Being a Fortune 500 company, the Developer has an obligation to respect the laws of a country. Merely stating that the responsibility lies with the SLPA or Sri Lanka Government cannot exclude the Developer from the responsibility of ensuring all approvals are in place prior to embarking on construction.

Nowhere did the writer say the TOR for the original EIA was drafted by the Developer. It was the Addendum to the EIA (that has given rise to crucial issues and inadequacies) that was formulated at the will of the Developer.

Developer says preliminary approval was given by CCD on four conditions. Those conditions were attached to the preliminary approval granted for the original 120ha development. The permit issued by the Coast Conservation and Coastal Resources Management Department for the expanded 233ha had 42 conditions! The Developer has not complied with several of these. The CC & CRMD should not have issued a permit, in the first place, with such a vast number of issues unresolved. Irrespective of developer’s claim that he has no responsibility in obtaining approvals, he should comply with the conditions tied to any regulatory approval. That responsibility cannot be passed onto the SLPA or Government of Sri Lanka. Non-compliance leads to permit being invalid.

The Developer confirmed that a few individuals, but no institution of repute, have prepared the Initial Technical Feasibility Study.
Developer claims there is no socio-economic impact on fisheries and fishermen. Quote from the EIA report (Section 4.2.3- Impacts on fishing grounds): “There will be no reduction in their extent of fishing grounds due to the project”. This is all that could be found in the report. It is up to readers and ecologists to comment on this. One key reason for the CEA to reject the IEE report on sand extraction was presence of fish breeding grounds close to proposed burrow areas.

The Developer says the CEA “did not reject the IEE report, but withheld full approval…” The Developer opted to use the word “withheld” in lieu of “rejected”. Whatever the jargon, fact is that the CEA has not approved the IEE study for sand extraction, mainly on two counts: impact on fish breeding grounds and in adequacies in sand availability.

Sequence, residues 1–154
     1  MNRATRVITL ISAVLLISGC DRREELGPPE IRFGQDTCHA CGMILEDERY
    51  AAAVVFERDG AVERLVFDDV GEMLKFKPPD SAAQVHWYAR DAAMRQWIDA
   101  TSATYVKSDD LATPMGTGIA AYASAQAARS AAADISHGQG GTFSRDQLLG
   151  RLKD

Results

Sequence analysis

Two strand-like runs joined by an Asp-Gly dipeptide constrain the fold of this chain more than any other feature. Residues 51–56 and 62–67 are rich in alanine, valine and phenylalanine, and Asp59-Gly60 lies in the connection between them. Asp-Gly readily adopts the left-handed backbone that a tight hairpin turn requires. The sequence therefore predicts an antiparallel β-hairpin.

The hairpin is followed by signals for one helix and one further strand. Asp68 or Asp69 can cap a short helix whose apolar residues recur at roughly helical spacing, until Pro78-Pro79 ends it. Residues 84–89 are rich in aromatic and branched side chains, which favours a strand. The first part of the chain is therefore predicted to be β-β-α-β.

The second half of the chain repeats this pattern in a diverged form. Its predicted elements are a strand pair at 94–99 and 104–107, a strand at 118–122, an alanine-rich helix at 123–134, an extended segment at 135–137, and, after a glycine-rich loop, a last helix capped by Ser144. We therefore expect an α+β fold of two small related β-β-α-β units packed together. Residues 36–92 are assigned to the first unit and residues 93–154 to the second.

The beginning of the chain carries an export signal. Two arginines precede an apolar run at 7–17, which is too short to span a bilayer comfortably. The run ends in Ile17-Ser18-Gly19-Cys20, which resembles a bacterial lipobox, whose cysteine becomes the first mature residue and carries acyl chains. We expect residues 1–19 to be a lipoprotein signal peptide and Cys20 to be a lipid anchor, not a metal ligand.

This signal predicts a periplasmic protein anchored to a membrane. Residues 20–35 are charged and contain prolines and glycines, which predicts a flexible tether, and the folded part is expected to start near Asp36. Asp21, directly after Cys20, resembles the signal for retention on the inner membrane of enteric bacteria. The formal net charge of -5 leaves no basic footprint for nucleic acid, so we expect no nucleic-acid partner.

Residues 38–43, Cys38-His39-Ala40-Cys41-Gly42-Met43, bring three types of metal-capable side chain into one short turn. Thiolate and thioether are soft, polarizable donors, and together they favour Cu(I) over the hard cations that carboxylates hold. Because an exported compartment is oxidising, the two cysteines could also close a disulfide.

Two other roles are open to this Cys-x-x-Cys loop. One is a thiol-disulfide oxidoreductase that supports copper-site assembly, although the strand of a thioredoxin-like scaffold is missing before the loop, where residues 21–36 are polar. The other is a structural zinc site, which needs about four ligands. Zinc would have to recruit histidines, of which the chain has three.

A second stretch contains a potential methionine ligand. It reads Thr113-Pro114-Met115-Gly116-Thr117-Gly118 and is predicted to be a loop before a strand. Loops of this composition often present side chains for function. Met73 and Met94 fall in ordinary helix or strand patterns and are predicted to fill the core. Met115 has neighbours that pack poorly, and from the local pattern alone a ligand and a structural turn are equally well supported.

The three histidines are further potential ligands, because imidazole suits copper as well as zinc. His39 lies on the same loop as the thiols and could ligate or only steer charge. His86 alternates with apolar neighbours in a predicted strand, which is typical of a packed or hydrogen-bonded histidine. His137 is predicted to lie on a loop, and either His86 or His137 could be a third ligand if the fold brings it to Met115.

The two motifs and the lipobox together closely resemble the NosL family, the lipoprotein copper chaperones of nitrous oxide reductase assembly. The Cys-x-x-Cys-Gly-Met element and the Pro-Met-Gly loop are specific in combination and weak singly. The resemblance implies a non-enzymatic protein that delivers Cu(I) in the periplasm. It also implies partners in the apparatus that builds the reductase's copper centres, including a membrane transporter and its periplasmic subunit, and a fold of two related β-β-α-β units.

It is a blatant distortion of facts to say the Company was permitted to start reclamation works forthwith on September 16, 2014, the day the agreement was signed. The SLPA requested permission to carry out limited sand extraction for the purpose of the inauguration ceremony. The CEA granted temporary approval by its letter of September 12, 2014, stating that permission was only for the purpose of the inauguration. Project is yet to obtain environmental clearance from CEA for sand extraction.

The Developer claims the agreement provides time for rectification of pending approvals. This is again a distortion. The governing laws of the said agreement are the laws of Sri Lanka. Under the National Environment Act, no sand extraction can be done without the CEA’s environmental clearance. The SLPA is not the approving agency.

Time can be granted for pending approvals but they shall be in place prior to commencement of construction.

The reason for saying the development was “ad hoc”: The original proposal was for 120ha. Current scale, according to the Developer, is 233ha. The increase is 194%. Latest information indicates net reclamation as 277ha (230% of the original).

Surprisingly, the Developer, while disassociating himself with all previous non-fulfillments of regulatory requirements, has challenged the prevailing law on sand dumping on the sea bed. If the Developer felt there was some inapplicability, it should have clarified this with MEPA in Sep 2013, rather than taking the interpretation of the law into its own hands, and violating it.